By: Bob Schultz
The Grand Rapids Tri was my first triathlon nine years ago. I average five tri’s a year including Xterra off road triathlons. The Grand Rapids Tri in the Olympic distance was my third of 2021 season. The first on the year was in Oak Mountain, Alabama with the Xterra SE Championships where the temperatures and humidity were in the 80’s then I did the Greenville Tri two weeks ago.
I approached this year’s race knowing I had trained better than any other year and felt good about aging up to the 65-69 age group, which yes, made me the youngster. I enjoyed the rolling start for the swim and averaged within 4 seconds of my training swim pace and had a good bike ride within ½ mile off my planned pace, so I took off on my run feeling good wanting to do a 10 minute pace. I took my normal “Gu” in the transition followed by a swallow of water and headed out. I saw another guy in my age group in transition, so knew he was relatively close behind me.
The run-out on Thornapple Drive went as planned. I stopped at both aid stations on the way out and took my cup of Gatorade and water before heading off again. After the turn, I started to feel the heat a little more. Instead of cruising to the aid station, I could not wait to get there for my Gatorade and water. After drinking a splash of water, I would dump the remaining on me. Both stations had cups of ice, but I declined. I remember the final station throwing my cup in the basket and missing. My training teammates rode bikes out by me to encourage my final kick before they headed back to the finish line to watch for me. This is where things got bad. I thought I tripped and fell forward hitting my head on the pavement before the Camel Back bridge. I actually made it to the bridge and started staggering which caught the attention of a lady who is coached by Athletic Mentors and is in healthcare. She asked if I was okay, and I responded yes. This tipped her off I was not and started towards me. I apparently was trying to get myself to the side of the bridge, saw her and reached to her when I fell down face first. A volunteer on a cart was driving by and stopped and helped get me sitting up. The lady took my heartrate at 200 with erratic and shallow breathing. They got me in the cart and took me to the med tent where I was put in a chair and given water until I felt I could stand. Cheryl stopped to check on me and I assured her many times I just tripped. Only after a nap back home did I realize I had no memory from the time my teammates left until the med tent. If not for the lady who saw and helped, I would not know what really happened.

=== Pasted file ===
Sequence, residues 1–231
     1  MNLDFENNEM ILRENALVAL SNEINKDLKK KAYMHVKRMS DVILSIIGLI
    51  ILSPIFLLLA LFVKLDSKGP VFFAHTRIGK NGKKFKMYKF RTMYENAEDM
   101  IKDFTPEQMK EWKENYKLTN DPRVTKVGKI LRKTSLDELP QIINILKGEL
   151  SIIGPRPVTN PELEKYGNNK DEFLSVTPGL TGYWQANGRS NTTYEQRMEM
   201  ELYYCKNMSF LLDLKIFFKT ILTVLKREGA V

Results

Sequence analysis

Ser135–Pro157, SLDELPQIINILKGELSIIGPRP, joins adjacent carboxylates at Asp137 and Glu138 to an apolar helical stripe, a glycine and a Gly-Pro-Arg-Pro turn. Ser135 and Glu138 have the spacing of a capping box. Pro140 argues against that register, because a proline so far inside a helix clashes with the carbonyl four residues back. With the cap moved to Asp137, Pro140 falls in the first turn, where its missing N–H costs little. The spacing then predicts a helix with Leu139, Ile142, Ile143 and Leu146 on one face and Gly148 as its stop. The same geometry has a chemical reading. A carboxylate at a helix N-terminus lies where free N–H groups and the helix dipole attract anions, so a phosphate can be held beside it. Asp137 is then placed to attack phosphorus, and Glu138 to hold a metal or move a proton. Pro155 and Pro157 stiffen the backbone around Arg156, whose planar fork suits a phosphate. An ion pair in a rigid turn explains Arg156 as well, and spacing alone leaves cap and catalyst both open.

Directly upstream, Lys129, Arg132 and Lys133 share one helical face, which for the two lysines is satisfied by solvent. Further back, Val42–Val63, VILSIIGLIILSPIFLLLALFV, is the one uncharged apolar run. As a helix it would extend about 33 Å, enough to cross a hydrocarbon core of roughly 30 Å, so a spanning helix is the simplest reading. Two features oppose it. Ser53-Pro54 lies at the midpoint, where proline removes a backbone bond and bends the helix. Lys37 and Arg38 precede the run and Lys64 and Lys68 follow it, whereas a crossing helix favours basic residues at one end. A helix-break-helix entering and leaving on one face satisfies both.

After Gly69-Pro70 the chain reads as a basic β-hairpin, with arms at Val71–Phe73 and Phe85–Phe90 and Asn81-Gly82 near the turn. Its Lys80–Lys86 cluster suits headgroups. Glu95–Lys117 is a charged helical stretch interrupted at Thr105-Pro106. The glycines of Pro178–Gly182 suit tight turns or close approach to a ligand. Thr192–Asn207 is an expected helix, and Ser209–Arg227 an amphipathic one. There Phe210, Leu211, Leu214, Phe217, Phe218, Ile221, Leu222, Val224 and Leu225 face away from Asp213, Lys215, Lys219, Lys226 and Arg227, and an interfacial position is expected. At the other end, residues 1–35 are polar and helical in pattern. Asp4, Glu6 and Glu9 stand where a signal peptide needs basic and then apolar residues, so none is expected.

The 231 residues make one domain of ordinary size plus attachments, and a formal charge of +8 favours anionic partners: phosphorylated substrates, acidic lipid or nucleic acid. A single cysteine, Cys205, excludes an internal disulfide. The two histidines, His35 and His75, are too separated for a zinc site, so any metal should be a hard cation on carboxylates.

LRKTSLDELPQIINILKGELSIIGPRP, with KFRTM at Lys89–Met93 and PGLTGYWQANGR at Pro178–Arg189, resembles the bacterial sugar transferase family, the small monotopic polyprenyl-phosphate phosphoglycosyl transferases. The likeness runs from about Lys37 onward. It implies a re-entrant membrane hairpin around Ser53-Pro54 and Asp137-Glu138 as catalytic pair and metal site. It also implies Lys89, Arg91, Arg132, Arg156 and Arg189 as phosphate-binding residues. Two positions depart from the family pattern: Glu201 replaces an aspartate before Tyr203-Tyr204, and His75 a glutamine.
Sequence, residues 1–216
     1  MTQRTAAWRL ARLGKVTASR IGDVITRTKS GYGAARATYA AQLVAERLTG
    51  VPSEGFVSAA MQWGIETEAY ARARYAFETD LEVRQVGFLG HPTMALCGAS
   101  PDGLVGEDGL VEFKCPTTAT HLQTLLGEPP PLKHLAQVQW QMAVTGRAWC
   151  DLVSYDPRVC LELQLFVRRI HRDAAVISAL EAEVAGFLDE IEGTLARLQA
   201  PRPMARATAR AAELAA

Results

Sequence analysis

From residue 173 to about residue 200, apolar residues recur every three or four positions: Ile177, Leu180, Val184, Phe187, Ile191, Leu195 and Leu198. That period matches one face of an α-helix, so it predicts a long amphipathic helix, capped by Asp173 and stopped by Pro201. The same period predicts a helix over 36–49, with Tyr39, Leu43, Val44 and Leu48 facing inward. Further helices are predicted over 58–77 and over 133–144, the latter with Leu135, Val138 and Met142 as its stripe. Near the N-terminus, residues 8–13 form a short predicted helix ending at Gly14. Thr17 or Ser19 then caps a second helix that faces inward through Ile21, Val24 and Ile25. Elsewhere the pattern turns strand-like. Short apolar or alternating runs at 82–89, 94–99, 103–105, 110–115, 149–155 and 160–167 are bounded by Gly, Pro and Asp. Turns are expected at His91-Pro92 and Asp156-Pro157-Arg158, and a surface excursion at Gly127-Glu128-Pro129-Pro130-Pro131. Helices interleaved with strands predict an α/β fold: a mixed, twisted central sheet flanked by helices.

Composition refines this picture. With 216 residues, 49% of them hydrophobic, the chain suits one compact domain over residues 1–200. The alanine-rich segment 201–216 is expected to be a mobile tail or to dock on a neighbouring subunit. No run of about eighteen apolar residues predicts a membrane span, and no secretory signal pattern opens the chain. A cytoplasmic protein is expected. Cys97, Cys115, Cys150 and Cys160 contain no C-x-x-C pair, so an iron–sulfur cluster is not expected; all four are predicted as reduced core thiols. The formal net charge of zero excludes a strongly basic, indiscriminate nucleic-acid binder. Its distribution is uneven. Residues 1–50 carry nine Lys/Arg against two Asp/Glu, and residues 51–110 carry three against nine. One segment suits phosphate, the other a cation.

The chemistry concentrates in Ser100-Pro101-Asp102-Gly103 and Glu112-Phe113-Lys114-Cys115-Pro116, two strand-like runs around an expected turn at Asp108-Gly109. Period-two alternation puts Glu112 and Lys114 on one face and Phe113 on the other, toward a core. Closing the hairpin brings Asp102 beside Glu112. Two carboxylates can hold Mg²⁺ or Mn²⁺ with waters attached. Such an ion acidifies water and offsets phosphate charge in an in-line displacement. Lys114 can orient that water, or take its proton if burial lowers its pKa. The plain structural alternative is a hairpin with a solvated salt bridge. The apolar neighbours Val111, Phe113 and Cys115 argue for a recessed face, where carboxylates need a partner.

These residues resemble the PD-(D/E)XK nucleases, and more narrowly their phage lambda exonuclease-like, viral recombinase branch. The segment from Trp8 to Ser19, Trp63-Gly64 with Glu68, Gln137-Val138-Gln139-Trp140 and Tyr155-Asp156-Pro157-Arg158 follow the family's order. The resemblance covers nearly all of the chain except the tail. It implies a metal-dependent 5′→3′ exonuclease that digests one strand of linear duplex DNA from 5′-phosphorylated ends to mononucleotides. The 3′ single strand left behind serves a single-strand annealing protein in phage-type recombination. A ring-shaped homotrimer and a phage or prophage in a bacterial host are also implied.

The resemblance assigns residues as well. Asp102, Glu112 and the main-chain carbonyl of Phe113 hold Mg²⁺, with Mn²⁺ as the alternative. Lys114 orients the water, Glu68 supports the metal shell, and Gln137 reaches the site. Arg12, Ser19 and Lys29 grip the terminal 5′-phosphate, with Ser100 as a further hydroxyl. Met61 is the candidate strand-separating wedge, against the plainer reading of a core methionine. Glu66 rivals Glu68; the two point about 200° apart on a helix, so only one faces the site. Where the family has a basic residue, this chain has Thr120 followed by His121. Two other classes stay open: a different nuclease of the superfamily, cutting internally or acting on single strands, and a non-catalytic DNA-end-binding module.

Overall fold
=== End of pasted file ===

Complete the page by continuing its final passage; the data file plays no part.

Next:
My takes on this episode are:
- First there is no normal race.
- The weather was 77 when I collapsed, not hot by GR Tri standards and much cooler and less humid than Oak Mountain Xterra.
- The bike and run are relatively flat straight courses.
- When I came in on my bike, I had trouble taking my shoes off and could not figure out the latch to release the strap which I have done hundreds of times. This should have tipped me off then something was not right.
- On the run I knew my competitor was behind me and assumed he was faster than he was. He never did catch me.
- When I knew I was getting hot, I did not take the extra time in the aid station to drink a complete cup or two of Gatorade to hydrate and pack myself with the ice provided and then run at a slower pace to the next station.
When my teammates told me I was not looking good and could slow down I should have listened to them. These guys train with me multiple times a week and know me as well as I know myself. Most importantly you know yourself best and need to listen to your body. While I did a couple of 15 second walks, when I felt myself heating up I should have walked until I felt my heartrate go down. I knew I was pushing myself, but I continued.
My incident turned out fine. I have had an EKG which was normal and will have an echocardiogram to rule out a heart issue and confirm it was just the heat and dehydration. I may not be so lucky the next time if I don’t keep track of myself. You do the same!